For years, I had avoided watching the movie Notting Hill. I’m a grump that way. But Jade kept asking me to watch it with her and finally I gave in. Now we’ve watched it countless times together. It’s a ridiculously charming story about a average English bloke who falls in love with a super famous American movie star and all the quandaries they face to end up together. There is a painting in the film by artist Chagall and one of the first gifts Jade ever gave to me (before we were even together) was a book all about Chagall. The film is based in and around the Notting Hill area in Northwest London, not too far from Hyde Park. After our venture through the park, I was dead set on visiting the neighborhood and taking in its unique charm ourselves. When we arrived, it didn’t disappoint. The rows of beautiful flats and the brilliant, stylish shop fronts all around was enough to make us want to move in immediately. Our trek through Hyde Park left us famished and Jade had a place in mind where she wanted to dine thanks to recommendations she received from Anne and Izy.

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Ottolenghi, named for the James Beard award winning chef who runs it, is a special place. Yotam Ottolenghi has written several cookbooks we’ve enjoyed using in our own kitchen including Plenty and his namesake cookbook. The shop has quite the combination of offerings, from prepared full entrées and sides, to a full store front bakery section where you can grab and go. This particular location has rather small indoor dining: one table, with ten chairs around it in the back of the shop where you dine elbow to elbow and pretty much face to face with strangers.

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We ordered two entrees: medium rare beef smothered in horseradish with a side of couscous and a mixed radicchio salad, and a sesame crusted ahi tuna with mango chutney with a side of cabbage and beetroot salad and a spiced broccoli salad. The flavor combinations of the vegetables portions were intense but light. The beef and tuna were prepared to perfection and were exactly the protein boost we needed. On our way out the door we decided we absolutely had to take away a treat or two. It’s nearly impossible to choose with all the gorgeous pastries displayed right in front of you. We finally settled on a chocolate cake with baileys filling and a lemon and raspberry cupcake. While devouring our treats, we continued our stroll around Notting Hill and then it was off to our next destination a few blocks away, Portobello Road.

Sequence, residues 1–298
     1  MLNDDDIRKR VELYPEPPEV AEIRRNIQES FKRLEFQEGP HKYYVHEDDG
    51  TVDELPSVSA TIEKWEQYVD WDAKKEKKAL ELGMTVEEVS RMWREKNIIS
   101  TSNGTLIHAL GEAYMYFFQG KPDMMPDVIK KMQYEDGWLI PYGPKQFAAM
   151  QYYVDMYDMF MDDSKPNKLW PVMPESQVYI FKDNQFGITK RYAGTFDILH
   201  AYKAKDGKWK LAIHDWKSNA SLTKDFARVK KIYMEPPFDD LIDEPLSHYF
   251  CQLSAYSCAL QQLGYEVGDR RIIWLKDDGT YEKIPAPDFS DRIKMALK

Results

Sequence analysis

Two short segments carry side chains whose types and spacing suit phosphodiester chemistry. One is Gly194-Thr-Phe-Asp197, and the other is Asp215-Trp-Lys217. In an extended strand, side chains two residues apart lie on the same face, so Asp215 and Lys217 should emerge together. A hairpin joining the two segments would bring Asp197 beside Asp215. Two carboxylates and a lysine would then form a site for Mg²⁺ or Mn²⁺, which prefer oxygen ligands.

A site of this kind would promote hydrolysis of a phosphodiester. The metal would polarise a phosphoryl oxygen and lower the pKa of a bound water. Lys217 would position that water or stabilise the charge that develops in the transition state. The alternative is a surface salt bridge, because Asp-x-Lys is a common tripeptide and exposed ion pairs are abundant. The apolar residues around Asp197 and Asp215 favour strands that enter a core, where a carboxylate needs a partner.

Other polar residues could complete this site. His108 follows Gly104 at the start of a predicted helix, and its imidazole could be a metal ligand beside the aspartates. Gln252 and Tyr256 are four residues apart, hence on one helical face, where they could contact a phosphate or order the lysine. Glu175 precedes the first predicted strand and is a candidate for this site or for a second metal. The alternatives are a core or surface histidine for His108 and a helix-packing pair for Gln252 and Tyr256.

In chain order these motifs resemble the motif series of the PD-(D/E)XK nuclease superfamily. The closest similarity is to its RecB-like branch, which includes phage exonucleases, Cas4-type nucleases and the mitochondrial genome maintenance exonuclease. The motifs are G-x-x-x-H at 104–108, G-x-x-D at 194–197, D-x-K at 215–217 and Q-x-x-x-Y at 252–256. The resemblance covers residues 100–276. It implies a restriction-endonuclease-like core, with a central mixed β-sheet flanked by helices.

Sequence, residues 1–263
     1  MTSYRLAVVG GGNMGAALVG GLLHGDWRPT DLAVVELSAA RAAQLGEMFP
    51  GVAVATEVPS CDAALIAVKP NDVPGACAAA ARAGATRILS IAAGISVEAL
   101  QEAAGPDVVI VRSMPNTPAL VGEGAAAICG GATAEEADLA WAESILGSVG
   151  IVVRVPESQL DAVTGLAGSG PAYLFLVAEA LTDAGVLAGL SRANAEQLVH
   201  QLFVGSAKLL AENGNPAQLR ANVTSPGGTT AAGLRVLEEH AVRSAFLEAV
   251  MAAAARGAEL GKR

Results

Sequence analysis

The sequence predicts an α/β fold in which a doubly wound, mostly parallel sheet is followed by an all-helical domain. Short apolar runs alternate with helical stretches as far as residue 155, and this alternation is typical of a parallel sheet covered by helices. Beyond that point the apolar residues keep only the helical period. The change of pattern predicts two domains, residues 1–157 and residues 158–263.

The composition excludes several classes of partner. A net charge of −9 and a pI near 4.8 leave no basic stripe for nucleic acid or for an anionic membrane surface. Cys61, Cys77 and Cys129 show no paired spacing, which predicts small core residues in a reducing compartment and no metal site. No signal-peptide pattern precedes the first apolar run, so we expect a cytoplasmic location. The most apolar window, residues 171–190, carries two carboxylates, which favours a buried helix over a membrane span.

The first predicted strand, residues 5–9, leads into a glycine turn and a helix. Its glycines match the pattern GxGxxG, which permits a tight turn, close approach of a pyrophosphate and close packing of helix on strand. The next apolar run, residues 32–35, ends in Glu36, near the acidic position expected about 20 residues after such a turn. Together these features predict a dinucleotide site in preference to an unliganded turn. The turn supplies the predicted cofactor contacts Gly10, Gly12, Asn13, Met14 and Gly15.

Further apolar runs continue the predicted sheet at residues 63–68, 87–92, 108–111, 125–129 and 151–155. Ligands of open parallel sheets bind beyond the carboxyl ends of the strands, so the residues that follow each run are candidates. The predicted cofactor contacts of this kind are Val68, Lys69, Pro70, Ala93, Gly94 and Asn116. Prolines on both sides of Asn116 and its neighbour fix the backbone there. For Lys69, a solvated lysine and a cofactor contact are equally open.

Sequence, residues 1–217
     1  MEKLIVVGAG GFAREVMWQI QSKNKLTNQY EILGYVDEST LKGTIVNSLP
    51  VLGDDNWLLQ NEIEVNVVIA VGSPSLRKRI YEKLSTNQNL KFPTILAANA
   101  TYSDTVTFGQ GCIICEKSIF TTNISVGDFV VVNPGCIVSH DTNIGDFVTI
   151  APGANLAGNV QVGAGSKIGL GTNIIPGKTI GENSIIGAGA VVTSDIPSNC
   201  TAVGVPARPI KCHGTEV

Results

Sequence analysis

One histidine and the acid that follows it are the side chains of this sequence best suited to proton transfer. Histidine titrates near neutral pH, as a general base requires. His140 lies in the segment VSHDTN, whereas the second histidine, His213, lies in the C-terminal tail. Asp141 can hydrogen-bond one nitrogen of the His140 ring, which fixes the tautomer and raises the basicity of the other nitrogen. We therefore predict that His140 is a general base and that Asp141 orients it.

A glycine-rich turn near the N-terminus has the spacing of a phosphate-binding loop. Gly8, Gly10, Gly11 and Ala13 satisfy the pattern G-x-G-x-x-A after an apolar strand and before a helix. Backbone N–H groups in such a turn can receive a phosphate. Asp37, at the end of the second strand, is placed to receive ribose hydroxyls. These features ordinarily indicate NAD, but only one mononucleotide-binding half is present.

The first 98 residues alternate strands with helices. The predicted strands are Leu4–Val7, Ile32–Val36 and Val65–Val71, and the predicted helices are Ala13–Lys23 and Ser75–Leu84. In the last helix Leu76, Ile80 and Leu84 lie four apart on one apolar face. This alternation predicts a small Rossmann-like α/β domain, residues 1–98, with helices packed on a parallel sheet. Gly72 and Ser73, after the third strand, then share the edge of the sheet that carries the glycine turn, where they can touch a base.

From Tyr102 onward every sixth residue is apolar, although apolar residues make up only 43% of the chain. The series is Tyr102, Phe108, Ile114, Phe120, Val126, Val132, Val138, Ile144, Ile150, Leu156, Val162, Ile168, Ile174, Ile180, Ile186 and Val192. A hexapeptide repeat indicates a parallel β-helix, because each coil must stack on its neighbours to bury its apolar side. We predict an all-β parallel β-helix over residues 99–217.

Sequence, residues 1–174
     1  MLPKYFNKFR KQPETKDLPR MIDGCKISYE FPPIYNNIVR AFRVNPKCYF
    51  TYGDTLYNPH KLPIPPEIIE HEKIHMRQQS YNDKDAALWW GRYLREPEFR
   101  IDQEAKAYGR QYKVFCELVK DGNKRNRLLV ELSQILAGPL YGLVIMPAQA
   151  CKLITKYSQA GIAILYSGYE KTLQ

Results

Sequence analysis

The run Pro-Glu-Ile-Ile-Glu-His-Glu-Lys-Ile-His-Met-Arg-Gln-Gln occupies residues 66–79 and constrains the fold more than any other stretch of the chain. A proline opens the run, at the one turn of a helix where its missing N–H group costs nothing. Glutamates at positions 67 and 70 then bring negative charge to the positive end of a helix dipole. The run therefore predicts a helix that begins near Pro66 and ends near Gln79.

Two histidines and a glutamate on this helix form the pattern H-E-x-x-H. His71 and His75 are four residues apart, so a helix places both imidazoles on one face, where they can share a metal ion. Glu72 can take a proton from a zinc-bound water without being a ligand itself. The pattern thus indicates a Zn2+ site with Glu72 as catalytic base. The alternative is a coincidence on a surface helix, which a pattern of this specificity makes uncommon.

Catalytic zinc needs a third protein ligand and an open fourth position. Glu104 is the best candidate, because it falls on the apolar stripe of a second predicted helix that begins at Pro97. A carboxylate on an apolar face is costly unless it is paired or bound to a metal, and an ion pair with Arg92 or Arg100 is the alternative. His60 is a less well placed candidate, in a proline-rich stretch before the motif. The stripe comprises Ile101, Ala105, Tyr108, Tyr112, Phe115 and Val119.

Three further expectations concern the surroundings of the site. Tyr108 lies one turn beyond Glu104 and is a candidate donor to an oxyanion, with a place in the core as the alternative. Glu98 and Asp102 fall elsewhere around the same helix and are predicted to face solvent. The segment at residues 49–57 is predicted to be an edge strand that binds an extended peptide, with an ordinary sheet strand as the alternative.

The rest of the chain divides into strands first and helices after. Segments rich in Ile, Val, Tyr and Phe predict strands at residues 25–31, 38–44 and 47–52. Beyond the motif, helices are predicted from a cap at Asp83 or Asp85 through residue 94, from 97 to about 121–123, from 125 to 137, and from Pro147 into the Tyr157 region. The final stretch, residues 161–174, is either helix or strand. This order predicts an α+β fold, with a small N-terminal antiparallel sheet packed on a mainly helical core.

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I’ve had this idea in my mind since I was a kid of what Portobello Road would be like. If you have ever seen Bed Knobs and Broom Sticks then you know exactly what I’m talking about. I pictured it as a 19th century outdoor flea market with vendors brandishing hard cockney accents, bakers and food cart folk handing out sausages and meat pies, and an overall whimsical back alley sensibility. That is nothing like what the modern day Portobello Road feels like. It is a thin stretch of alley that goes on for a half mile filled with second hand stores, quarter priced tourist memorabilia. The enchantment and wonder of my childhood vision wore off pretty quickly. This place was no different than going to Saturday market at Waterfront Park in Portland. I wasn’t so much disappointed with the modern equivalent of the area as I was underwhelmed.

I’m sure there are plenty of interesting shops and trinkets to be found in an around Portobello Road but I had preconceived  expectations of it (a bad habit of mine), so it was hard not to feel a little underwhelmed. We also went there after our adventure through Hyde Park, Kensington Gardens and Notting Hill, so exhaustion was probably taking over. It was the last full day we were going to have in London and I think I was saddened and slightly disenchanted with our last destination compared to the grandness of all of the other areas we had been to. We decided it was time to wrap things up and return ‘home.’ Since our feet were sore and the sun was setting we decided to just hop on the tube.

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To brighten my spirit I purchased a couple of hot dogs from a vendor outside the tube stop across from The Lanesborough. The vendor gave me a good bit of advice: don’t screw over your friends and burn bridges. New friends aren’t worth their weight in gold but life long friends are a prize to be had. The advice had nothing to do with my current situation. But the way he told it to me and the gleam in his eyes brightened my mood. Plus the hotdog cart had a resident Frenchie that I adored and animals always cheer me up. We adjourned to our suite to consume our hotdogs and began preliminary packing for our train-ride to Paris.

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